Heaven Is Definitely a Playground
Posted on June 18 2018
On June 21st, 19nine will launch the start of their "Undefeated Summer Collection" which revolves around the summer pickup/playground scene wherever you may be from. As you could imagine we LOVE the playground game here at High Volume Shooters and wanted to share some of the places, people, and stories that we remember from coming up through possibly the last playground basketball era.
I grew up playing at Golfmoor Park in Evansville, Indiana. Started going up there as an 8th grader to play against grown men. In those days there was no 3pt line at Golfmoor. The court was small. The top of the free throw half circle on one end connected with the top of the key on the other. One end was banked up against a woods and a corner of that court dropped off a hill. There was also a piece of shit fence behind that goal and if the ball bounced over it was headed down the hill and into the woods.
Games were 4 on 4. To start it was the first four to hit a free throw, and then the next four. Whoever was left over had next and would pickup the next however many they needed as more people showed up. If I remember correctly games started at 11am, Saturdays and Sundays. With or without you.
All 1s. Games to 20. Switch at 10. Win by 2. Always. Winners got to choose ball or which basket they wanted to start the game with. The Golfmoor vets always knew to pick the basket opposite of the fence. That goal had a rock hard rim, and more of a bounce off the backboard. The other goal was the exact opposite. Wasn’t exactly 10ft, so people dunked on it a lot more making it super friendly to shoot on. Backboard was more dead too.
So the strategy was to start on the shitty goal for the first 10 points and then have the friendly goal for the last 10. Never mattered how many points you were down when you switched at 10 as long as you had the friendly goal for the 2nd half. However, if you let the team with the hard goal get up on you before the switch...game over. You didn’t come back on the hard goal and everyone knew it and would let you know it when it happened.
We had our share of “legends” up there but none more so than “Berf”. Your right of passage at Golfmoor was to get absolutely baptized by Berf. Happened to me first time I went up there with my buddy Wes who was a year older and had been playing up there awhile before me.
We walk out on the court and Wes tells says, “Barnett, you’ve got him,” while pointing at Berf. I look at this dude and in my mind I’m thinking “this dude doesn’t know what I’m about to do to him.” In hindsight, he was looking at me and saying the exact same thing. But Berf wasn’t imposing. He was maybe 5’7, military cut up top, a few flowing locks in the back, Fu Manchu Stache.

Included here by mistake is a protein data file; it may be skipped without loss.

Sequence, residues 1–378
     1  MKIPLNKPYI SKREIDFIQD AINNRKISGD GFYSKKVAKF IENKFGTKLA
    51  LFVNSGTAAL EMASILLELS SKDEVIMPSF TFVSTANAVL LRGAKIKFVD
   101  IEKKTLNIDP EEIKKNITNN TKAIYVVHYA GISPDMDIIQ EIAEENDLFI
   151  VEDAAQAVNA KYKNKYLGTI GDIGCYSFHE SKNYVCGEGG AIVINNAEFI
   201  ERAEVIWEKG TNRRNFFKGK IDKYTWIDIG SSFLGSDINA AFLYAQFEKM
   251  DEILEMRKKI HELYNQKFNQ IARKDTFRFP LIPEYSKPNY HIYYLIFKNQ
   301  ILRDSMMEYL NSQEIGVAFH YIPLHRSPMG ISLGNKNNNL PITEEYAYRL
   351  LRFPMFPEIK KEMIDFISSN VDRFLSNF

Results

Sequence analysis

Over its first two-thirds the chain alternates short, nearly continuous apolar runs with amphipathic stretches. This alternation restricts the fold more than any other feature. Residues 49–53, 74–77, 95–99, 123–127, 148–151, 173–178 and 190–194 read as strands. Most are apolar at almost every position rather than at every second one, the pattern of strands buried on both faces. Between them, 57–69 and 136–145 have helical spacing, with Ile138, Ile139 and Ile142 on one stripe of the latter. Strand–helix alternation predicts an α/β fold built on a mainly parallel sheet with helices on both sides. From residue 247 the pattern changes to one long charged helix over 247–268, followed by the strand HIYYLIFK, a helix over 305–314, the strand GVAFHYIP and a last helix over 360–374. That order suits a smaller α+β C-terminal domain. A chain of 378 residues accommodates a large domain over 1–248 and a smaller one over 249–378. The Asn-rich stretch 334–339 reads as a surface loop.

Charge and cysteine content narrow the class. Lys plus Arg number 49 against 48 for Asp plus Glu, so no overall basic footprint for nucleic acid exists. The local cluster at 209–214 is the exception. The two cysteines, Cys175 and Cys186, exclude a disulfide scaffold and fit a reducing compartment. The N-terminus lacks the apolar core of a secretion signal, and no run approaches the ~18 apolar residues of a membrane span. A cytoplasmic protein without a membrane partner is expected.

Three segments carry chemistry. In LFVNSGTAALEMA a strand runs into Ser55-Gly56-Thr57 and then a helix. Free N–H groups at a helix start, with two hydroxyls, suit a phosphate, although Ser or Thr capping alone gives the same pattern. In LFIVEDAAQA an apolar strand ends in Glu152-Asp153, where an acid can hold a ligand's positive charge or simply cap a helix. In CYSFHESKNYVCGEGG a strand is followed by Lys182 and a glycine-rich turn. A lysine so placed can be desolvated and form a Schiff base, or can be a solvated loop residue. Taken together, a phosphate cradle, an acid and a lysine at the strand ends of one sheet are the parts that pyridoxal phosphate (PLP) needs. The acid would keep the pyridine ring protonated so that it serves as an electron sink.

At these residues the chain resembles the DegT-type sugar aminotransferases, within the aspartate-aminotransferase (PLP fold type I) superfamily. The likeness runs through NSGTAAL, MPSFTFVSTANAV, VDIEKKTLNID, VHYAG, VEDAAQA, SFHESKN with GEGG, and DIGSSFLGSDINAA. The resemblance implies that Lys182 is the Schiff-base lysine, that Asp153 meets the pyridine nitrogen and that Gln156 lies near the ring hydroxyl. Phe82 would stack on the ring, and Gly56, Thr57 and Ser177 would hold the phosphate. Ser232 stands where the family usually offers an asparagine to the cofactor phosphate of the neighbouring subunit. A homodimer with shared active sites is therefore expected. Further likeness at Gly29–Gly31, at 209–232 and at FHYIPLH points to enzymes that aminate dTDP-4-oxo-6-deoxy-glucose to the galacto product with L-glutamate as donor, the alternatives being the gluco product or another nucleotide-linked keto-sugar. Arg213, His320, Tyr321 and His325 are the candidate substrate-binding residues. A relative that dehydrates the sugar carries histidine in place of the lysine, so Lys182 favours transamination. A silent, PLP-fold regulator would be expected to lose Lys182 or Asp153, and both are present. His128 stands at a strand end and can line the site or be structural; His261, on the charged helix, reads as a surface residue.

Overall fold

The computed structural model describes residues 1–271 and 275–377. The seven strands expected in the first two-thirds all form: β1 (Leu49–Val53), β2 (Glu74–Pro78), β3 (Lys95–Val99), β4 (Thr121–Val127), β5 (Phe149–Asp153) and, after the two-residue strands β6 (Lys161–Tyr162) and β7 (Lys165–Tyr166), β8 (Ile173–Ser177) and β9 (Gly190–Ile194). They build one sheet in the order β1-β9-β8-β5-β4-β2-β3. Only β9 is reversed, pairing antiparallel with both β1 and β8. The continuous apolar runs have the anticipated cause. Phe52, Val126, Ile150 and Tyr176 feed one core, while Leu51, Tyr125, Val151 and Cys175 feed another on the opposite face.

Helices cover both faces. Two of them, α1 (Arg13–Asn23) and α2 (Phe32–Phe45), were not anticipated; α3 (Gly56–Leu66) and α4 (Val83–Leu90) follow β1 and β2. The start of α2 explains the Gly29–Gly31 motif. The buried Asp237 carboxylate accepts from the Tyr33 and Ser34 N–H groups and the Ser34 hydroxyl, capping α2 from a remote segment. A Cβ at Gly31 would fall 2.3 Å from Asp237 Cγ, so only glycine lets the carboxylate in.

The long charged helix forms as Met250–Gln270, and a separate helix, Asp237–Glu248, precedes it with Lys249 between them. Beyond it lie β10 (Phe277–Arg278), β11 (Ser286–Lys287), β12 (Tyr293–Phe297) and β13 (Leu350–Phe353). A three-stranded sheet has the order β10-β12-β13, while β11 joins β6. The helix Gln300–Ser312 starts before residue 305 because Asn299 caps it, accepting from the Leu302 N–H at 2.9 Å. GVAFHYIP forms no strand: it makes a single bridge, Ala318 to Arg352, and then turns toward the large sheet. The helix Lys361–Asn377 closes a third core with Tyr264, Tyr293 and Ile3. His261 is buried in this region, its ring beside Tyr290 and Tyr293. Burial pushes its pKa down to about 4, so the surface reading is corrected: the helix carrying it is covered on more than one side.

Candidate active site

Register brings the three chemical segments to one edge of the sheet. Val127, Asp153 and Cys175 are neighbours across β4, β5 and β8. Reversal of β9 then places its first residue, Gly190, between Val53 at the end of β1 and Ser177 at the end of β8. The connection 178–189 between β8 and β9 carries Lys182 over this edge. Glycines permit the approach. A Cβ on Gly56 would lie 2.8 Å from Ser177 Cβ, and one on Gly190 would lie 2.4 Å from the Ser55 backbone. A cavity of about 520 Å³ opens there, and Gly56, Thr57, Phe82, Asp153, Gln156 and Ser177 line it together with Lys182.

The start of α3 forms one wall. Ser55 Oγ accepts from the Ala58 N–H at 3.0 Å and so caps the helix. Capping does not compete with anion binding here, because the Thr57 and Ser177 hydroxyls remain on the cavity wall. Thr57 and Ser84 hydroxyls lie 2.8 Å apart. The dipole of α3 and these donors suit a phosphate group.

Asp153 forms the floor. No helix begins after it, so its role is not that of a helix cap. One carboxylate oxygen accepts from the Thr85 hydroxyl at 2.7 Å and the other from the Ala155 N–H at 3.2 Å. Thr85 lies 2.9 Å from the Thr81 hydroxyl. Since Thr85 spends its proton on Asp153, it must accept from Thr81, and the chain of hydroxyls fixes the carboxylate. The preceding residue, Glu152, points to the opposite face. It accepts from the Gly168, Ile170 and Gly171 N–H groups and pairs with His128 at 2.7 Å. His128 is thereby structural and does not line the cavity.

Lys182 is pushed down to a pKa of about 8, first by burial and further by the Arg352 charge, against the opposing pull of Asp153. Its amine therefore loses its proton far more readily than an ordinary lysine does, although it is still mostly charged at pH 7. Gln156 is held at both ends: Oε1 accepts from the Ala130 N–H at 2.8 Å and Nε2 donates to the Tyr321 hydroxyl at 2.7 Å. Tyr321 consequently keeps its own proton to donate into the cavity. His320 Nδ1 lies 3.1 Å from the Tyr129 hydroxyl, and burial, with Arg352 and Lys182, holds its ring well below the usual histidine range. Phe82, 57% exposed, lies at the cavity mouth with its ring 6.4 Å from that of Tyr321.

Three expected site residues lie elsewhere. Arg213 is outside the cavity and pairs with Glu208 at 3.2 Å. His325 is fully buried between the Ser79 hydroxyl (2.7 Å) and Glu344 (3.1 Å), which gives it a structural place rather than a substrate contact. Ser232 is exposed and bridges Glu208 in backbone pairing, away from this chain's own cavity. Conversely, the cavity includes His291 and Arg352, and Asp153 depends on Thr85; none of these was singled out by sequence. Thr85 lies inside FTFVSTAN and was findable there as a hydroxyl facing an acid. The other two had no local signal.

Dude gave me the business. Running 8ft reverse layups. I repeat...running 8ft reverse layups! He would do the Steve Nash before Steve Nash where he would dribble all the way under the basketball and keep going except Berf would shoot a running over the head reverse from 5-8ft. Deadly.
His shot looked identical to how he passed so you never had any idea if he was shooting or passing. He could come into the lane, pick up his dribble, glide about 3 inches off the ground, put the ball behind his head with both hands, then could reverse it to either hand to get off a one handed runner from the free throw line. Shit was unreal.
He killed me that day. And many days after that. If you ever run into anyone that mentions playing at Golfmoor in the 80s, 90s, and early 2000s you can bet your ass they got baptized by Berf.
A Special Place:
My heaven is that playground. Nostalgic for me. Simpler times man. Just wake up and go play ball with your friends. Competing against older guys, trying to earn respect and work on your game at the same time. The battles, the plays, the stories and the memory of friends that are no longer with me all make Golfmoor a very special place to me. I hope my family knows I’m not joking when I tell them I want my ashes spread there when my time is said and done. Now it’s in writing!
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